Learning French language grammar will teach you a lot about languages in general, bringing your attention to many technical things you had no idea were going on!
Plural nouns in French are just one (or some) of these things. While they’re relatively simple to get your head around, they do require a little extra attention from time to time. Different endings apply to different types of nouns
Most nouns in French language require simply an extra s to be turned from singular to plural. For example, to talk about a bunch of flowers, you would change the singular fleur (flower) to the plural fleurs (flowers). Nouns that end in vowels, however, have a few different rules.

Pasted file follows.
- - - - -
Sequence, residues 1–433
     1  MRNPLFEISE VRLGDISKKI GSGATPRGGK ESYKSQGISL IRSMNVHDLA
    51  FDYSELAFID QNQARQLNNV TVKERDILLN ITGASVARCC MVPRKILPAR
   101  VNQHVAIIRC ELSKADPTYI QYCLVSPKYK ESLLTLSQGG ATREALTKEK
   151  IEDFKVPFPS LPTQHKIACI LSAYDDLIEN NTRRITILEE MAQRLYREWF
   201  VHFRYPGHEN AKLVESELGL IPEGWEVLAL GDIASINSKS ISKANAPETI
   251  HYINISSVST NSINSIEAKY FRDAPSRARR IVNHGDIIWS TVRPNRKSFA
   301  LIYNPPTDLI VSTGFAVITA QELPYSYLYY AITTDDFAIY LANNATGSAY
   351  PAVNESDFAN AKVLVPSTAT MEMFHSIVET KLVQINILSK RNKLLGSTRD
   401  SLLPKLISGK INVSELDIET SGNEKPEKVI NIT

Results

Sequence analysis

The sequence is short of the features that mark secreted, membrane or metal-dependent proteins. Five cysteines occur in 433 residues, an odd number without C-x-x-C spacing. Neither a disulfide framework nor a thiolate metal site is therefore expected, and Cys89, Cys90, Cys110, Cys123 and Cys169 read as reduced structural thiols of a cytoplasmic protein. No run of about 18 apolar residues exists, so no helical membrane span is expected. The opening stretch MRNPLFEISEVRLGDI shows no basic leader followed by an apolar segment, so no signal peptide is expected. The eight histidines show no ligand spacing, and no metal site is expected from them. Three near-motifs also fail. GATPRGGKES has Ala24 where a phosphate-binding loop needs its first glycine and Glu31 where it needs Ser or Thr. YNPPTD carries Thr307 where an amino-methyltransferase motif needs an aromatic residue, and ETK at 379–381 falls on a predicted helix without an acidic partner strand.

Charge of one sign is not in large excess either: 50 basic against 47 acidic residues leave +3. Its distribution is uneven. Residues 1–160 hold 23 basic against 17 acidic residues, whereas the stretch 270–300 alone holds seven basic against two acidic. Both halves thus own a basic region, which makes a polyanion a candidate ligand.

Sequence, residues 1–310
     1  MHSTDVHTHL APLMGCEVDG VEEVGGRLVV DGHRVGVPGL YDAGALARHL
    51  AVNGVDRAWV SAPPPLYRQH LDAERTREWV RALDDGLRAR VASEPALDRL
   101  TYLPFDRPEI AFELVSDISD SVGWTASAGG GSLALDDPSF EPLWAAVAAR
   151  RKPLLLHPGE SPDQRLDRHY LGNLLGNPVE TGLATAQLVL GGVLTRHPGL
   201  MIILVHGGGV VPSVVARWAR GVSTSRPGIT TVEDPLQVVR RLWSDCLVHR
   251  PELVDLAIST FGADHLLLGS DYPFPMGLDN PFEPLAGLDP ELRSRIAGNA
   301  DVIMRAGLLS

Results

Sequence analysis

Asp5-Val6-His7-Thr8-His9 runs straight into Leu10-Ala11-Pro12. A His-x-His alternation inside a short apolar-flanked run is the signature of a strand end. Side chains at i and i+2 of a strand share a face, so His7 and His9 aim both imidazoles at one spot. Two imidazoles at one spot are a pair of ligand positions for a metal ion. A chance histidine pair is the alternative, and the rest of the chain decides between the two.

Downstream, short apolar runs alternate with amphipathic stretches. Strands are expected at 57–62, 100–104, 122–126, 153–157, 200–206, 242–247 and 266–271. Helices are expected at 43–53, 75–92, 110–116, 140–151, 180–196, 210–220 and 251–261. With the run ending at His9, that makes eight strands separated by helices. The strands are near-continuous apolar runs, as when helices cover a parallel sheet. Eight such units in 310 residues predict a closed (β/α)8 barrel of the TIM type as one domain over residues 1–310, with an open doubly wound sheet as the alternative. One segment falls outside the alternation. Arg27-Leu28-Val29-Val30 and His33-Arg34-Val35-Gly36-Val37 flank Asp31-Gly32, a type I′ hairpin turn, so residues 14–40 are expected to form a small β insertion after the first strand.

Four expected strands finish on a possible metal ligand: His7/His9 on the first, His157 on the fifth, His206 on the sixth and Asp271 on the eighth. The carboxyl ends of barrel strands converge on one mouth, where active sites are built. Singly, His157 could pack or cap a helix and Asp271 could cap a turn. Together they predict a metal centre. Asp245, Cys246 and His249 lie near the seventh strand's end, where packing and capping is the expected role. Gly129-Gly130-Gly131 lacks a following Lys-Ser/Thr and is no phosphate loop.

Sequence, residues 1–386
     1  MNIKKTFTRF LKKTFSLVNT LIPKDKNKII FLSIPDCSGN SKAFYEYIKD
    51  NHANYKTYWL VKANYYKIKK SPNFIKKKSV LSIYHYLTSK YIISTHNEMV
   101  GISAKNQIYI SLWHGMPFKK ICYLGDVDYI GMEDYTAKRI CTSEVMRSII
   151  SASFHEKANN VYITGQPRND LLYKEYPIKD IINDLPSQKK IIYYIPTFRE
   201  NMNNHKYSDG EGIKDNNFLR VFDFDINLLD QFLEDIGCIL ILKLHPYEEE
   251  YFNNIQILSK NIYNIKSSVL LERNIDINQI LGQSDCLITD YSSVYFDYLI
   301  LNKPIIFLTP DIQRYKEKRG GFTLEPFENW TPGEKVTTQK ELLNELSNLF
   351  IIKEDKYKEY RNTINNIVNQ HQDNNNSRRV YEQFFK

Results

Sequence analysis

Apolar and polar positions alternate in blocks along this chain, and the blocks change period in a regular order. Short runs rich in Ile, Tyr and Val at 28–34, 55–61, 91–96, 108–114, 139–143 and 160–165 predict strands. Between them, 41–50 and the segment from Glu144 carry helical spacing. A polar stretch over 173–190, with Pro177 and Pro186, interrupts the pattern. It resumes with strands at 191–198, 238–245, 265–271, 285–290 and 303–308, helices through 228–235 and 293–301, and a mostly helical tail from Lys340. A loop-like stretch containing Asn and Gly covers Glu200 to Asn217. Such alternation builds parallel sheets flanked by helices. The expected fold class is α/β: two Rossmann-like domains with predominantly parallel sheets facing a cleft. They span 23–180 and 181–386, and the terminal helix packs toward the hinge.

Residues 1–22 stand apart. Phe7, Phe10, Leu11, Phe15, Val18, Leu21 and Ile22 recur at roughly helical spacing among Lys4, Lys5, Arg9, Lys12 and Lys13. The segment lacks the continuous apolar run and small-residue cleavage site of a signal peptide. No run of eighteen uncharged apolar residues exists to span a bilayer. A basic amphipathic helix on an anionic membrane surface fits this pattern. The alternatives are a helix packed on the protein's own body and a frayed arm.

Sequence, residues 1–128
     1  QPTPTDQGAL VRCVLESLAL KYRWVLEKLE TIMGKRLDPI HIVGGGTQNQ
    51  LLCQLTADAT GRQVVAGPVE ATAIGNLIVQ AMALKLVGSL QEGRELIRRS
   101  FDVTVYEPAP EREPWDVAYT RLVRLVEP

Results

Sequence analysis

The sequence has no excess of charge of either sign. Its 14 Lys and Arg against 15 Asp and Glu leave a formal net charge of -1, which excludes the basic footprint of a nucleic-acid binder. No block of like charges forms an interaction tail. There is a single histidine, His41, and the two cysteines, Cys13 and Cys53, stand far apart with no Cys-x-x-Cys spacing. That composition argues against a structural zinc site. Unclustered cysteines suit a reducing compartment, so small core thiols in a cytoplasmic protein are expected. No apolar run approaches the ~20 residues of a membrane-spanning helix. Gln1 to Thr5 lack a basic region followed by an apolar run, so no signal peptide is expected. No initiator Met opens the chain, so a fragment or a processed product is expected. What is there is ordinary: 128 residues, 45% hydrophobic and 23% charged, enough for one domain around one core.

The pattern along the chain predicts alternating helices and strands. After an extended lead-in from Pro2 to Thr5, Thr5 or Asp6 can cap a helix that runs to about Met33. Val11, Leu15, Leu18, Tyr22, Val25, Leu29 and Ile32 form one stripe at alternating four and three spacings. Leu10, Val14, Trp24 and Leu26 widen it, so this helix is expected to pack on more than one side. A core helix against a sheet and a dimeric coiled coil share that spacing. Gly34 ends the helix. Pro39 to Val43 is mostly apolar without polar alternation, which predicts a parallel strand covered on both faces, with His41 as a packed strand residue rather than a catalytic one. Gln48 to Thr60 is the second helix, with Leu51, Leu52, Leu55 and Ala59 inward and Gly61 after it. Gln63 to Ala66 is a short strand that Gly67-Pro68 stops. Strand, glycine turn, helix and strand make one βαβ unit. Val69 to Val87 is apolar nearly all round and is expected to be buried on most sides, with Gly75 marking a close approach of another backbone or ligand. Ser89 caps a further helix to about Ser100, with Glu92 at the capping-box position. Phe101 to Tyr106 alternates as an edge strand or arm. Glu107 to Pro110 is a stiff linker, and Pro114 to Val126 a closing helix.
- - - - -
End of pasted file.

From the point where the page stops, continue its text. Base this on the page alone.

Most nouns that end in –au take on an x to become the plural form. Bateau (boat) becomes bateaux (boats), for example.
Others, which end in –al, take on an –aux, but instead of tacking this onto the end, you actually put -aux in place of -al. For example, the word journal (newspaper) ends up being written as journaux (newspapers) in the plural.
The majority of nouns which end in s, z or x do not change when they become plural and can instead be identified by their article. Un virus (a virus), for example, becomes des virus in the plural form.
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